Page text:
War in the Hollow: Dec. 11, ‘36

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They were waiting for me.

Someone, or something, had told them I was on my way, and so the four-man team had set themselves up behind an old stone wall mounted with iron pickets.

But they were facing the wrong way.

Earlier in the morning, I’d shifted course and taken the righthand fork of a path. That simple act had brought me around to the back of the little ambuscade, and it had set them up as pretty as a picture for me.

The sight of the men with weapons at the ready suggested that not only were they expecting me, but that they might not be the only ones who were.

With that in mind, I left the Colts holstered, shucked my rucksack and my Spenser, and drew my Bowie knife from its sheath.

There’s an art to killing with a knife, and any fool can stab.

But, at times, it’s good to play the fool.

The first man was dead and falling before his three comrades knew I was there, and what followed next was as short and as brutal a fight as ever I’ve engaged in.

The surviving men tried to bring their rifles to bear. Before they could, a second man was gasping out his last, and I was too close to the other two for them to risk firing.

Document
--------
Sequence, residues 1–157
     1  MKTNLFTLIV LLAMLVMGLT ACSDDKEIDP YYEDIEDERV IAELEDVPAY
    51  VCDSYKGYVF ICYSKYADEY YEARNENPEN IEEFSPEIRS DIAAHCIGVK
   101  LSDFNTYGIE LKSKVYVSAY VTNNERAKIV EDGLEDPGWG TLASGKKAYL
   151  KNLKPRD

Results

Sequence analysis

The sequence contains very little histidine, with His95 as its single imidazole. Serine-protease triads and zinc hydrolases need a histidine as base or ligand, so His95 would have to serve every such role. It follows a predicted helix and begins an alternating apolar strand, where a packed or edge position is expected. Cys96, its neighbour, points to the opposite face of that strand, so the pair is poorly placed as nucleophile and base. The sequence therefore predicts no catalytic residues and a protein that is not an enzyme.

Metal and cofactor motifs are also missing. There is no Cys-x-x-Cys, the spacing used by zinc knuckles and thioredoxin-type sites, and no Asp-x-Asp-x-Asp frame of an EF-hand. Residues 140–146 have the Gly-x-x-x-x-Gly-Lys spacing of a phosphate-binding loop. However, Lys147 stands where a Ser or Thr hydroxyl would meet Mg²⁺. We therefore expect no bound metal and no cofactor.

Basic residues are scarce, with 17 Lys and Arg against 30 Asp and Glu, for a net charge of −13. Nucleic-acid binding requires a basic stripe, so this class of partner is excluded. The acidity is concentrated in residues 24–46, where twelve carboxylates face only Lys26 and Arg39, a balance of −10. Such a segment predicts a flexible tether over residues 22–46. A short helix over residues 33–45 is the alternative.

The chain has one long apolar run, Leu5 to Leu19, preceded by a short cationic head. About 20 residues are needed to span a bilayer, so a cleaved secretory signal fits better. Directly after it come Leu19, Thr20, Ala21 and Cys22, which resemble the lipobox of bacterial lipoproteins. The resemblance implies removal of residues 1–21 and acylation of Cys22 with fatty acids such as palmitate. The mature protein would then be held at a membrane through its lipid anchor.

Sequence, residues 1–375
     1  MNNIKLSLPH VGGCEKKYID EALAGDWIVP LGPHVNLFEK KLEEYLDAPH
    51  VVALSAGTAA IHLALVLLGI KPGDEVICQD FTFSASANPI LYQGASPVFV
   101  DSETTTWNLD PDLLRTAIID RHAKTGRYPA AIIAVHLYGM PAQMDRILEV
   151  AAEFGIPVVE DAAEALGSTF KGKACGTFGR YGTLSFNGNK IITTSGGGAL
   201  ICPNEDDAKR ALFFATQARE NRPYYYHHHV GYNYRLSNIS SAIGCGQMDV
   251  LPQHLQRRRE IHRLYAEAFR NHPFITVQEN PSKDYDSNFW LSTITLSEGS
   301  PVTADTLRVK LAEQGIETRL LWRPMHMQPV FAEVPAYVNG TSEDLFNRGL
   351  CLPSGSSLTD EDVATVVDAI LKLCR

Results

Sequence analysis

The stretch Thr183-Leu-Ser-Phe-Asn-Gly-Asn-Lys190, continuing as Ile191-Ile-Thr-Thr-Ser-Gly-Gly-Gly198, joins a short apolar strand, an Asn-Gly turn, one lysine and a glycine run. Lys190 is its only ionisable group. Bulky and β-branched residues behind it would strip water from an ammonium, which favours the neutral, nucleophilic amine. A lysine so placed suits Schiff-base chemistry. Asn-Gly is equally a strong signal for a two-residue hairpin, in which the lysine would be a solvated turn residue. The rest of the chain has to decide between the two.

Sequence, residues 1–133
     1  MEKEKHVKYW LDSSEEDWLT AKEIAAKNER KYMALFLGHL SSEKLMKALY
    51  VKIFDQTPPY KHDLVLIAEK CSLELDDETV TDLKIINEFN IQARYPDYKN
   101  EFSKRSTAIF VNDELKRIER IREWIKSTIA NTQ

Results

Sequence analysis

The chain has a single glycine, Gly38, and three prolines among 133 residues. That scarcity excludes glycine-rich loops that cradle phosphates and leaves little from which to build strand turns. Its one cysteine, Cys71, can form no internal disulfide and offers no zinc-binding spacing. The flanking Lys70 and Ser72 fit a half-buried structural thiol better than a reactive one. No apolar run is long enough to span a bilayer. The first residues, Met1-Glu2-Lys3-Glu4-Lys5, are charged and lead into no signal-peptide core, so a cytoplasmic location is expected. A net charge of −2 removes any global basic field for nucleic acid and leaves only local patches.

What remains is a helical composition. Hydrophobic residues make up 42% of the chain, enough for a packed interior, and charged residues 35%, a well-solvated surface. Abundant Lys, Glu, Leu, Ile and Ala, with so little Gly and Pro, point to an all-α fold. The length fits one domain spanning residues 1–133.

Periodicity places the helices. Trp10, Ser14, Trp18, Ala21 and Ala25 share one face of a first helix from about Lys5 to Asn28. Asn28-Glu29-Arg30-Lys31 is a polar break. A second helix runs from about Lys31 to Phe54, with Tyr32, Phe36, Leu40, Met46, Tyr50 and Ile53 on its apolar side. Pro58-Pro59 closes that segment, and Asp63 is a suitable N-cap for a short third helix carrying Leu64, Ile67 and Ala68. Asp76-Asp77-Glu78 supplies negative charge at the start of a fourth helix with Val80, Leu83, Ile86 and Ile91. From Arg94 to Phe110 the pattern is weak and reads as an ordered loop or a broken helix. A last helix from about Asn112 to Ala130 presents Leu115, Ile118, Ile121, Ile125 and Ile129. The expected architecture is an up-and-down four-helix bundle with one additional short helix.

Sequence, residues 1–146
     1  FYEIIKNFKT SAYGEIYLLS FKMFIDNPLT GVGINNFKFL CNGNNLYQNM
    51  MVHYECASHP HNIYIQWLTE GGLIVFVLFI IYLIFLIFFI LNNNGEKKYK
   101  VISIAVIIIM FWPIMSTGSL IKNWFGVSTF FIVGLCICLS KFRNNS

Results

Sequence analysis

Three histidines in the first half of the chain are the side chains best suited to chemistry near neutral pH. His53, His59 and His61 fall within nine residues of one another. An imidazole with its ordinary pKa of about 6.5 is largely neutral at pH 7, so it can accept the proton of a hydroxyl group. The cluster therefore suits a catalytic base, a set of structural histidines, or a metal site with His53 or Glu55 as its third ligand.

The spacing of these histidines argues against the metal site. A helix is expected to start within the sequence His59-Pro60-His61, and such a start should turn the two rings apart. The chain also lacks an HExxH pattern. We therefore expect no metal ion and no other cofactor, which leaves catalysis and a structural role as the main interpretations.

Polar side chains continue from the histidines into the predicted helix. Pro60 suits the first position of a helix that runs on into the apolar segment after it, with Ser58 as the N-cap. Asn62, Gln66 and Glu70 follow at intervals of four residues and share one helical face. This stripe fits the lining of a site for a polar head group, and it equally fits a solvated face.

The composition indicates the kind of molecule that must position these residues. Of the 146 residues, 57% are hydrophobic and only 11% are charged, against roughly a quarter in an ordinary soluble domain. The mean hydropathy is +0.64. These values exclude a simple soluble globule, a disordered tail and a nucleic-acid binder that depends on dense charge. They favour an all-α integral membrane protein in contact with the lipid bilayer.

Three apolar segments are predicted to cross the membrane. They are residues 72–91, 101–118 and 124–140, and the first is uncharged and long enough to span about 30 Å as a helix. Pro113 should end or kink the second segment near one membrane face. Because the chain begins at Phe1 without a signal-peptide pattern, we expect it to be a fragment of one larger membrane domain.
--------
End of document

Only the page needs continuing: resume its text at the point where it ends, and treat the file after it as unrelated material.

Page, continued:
They should have, though.

One man parried a thrust from me, only to go down like a felled ox as his comrade swung wide with the butt of his rifle, clubbing the man in the head. The man with the wild swing swore in French and died with those words on his lips as I drove the blade of the knife up into his jaw with enough force to knock his hat off his head and put the point through his skull.

I kicked the corpse off the blade, turned around, and saw the surviving soldier struggling to sit up.

A boot to his face shattered the man’s nose, drove him to the ground again, and left him easy prey.

I finished him off and did a quick search of the bodies. I found three bags of tobacco and a box of wooden matches.

Thorn’s expression was one of mild amusement, and I shook my head at him.

The tobacco was too damned good to leave on a corpse.

#horror #fear #art

Published by

Nicholas Efstathiou

Husband, father, and writer.

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